ULRICH SCHNAUSS: A Long Way To Fall (2012)
“Puzzling but brilliant, A Long Way To Fall is a damn good sonic pancake of iconoclastic sounds sat on wild beats and effective melodies”
1 Her and the Sea 5:07 2 Broken Homes 7:35 3 Like a Ghost in your Own Life 5:49 4 A Long Way to Fall 6:07 5 I Take Comfort in your Ignorance 5:58 6 A Forgotten Birthday 7:02 7 The Weight of Darkening Skies 5:25 8 Borrowed Time 4:51 9 Ten Years 6:06 10 A Ritual in Time and Death 7:20 Ulrich Schnauss Music
(CD 61:21) (V.F.) (Electronica, E-Rock & Shoegaze)
Before joining the edition of Tangerine Dream's Quantum Years, Ulrich Schnauss had (and still has) a very prosperous career. Besides being a member of the English electronic rock band Engineers, with Mark Peters, or still of the German duet Beroshima, with Frank Müller, the last member of the Tangerine Dream adventure is a well-known character in the industry of the electronic music due to his numerous collaborations with artists as much prestigious as Johannes Schmoelling, Lunz (Roedelius) or still M83 to name but a few. In a parallel to all these bands and collaborations, Ulrich Schnauss has also developed an interesting solo career which started with the album Far Away Trains Passing By. Between this album, released in 2001, and this album, that I recently reviewed, Ulrich Schnauss proposed 3 other solo albums which have charmed a generation of fans of the down-tempo, the Dark Ambient and the Electronica styles as well as a rather unusual genre; Shoegaze. A noisy ethereal form of rock that usually focuses on self-deprecating lyrics and melody-driven distortion guitars. Usually the vocals are slurred and unintelligible. A kind which is very different from Ulrich Schnauss' first albums and a genre which has divided his fans in the album A LONG WAY TO FALL which feeds on it, but not at the point of being indigestible. Quite the contrary! The music is very good and breathes of a very particular boldness while the effects of the voices, except for Broken Homes, are not really disturbing.
Her and the Sea begins with an approach shaded by a dense sound fog. We well hear voices there, except that the spectral cachet is very attractive. When the music sets in motion, it reveals a beautiful stroboscopic strand where is hatching a superb percussive fauna. The voices become a misunderstood choir which intervenes with a more melodious attraction this time. Without precise rhythmic lead, the music of Her and the Sea surprises constantly the ear with unexpected directions where always roam the very harmonious side of Ulrich Schnauss. It's the kind of title, especially for the percussions, that we like rather easily. These percussions crinkle the rather ethereal structure of Broken Homes which deliberates between its phases of ambiences and its rhythmic skids as so misty as muddled. Here, the choir inhales that of a monastery in decline and I have to admit that the voices at the very end break a little the charm. Like a Ghost in your Own Life is a small jewel. A good ballad in the style of Jerome Froese with nice variances in a melodious structure hyper catchy. We stick to it, like in the more techno A Forgotten Birthday, very easily. For the rest, I compare A LONG WAY TO FALL to David Bowie's Heroes so much the musical envelope and the moods which encircle the so lively rhythms amaze as much as seduce. And at the end we become addicted to this music. Even if some is very difficult to approach. Let's take the title-track and its rhythmic opening which is hatched by a series of riffs without strings which invent a metronomic beating. The effects of guitar converge with a meshing of voices and the synth layers are filled of Tangerine Dream perfumes. Quiet but buried under an avalanche of effects, the title-track gets out from the influences of these ambiences to offer a more inspired pace which shows its primary skeleton as so tenuous as a tick-tock. The voices are more harmonious towards the finale.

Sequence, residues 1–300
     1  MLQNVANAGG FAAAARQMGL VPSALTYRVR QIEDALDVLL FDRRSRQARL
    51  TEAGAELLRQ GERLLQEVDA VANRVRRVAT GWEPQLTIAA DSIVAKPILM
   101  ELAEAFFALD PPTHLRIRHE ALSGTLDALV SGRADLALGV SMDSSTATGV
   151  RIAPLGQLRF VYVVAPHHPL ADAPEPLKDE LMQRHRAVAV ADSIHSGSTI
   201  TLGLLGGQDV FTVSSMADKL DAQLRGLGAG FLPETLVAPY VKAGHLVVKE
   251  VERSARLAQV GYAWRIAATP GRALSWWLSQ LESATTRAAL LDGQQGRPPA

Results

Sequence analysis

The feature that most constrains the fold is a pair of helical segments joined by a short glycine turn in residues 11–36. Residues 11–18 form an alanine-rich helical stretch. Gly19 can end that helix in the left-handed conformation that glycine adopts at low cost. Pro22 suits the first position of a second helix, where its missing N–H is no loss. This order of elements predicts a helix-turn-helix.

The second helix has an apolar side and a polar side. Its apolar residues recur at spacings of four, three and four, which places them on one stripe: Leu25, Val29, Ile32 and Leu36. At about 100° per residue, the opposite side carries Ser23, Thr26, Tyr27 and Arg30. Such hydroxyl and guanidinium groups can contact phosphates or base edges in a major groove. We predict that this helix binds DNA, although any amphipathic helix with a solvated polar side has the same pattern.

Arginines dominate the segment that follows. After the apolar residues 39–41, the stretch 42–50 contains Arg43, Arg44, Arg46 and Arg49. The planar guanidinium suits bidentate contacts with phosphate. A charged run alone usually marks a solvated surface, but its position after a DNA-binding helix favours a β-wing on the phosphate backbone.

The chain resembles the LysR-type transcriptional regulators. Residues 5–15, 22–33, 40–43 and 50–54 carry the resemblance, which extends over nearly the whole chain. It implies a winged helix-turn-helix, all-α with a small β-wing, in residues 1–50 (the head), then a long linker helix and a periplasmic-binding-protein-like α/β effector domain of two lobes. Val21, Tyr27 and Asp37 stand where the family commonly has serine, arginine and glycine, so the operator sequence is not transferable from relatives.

I Take Comfort in your Ignorance is a well loaded gun! Its rhythm beats on soberer percussions this time while this bass line shakes our inside tremor. The effects of synth are divine, as well as this delicate melody which lives of it. This heavy and very lively rock hits a phase of quiet zone before regurgitating a very radioactive fury. The more I listen to and the more I find that brilliant. The Weight of Darkening Skies is built on the same principles, but in a different universe. Here the structure of rhythm is undulating before being harpooned by percussions, a bass and a keyboard as so voracious than the one in the last minutes of I Take Comfort in your Ignorance. According to my guts, it's a kind of an interlude in the chronological fury of A LONG WAY TO FALL, because Borrowed Time explodes in our ears with its structure as convoluted than a culture of earth worms which looks for mud! Brilliant in its distortion of sounds and beats! The same goes for Ten Years and its insane heaviness which let filter thin lines of harmonies worn out by so much ferocity. A title very difficult to ingest but which is worth it. And I would say the same thing for A Ritual in Time and Death, especially for its finale which shatters the samplings of voices a la Jean-Michel Jarre in The Magnetic Fields. But just before its odyssey towards the oblivion, this title offers an astonishing lively and jerky structure of rhythm in a pace where Electronica is short of breath.
Inhomogeneous and complex, of A LONG WAY TO FALL is a dawn good sonic pancake of iconoclastic sounds where the disorder of the rhythms belongs to a handful of irresistible ones who feed on the incomprehension of others. But I guarantee you that once well assimilated, this fascinating album of Ulrich Schnauss will fill your conversations and you will congratulate yourself of your stubbornness to tame it. Puzzling but brilliant!
Sylvain Lupari (August 20th, 2017) ***** SynthSequences.com
Available at Ulrich Schnauss Web Shop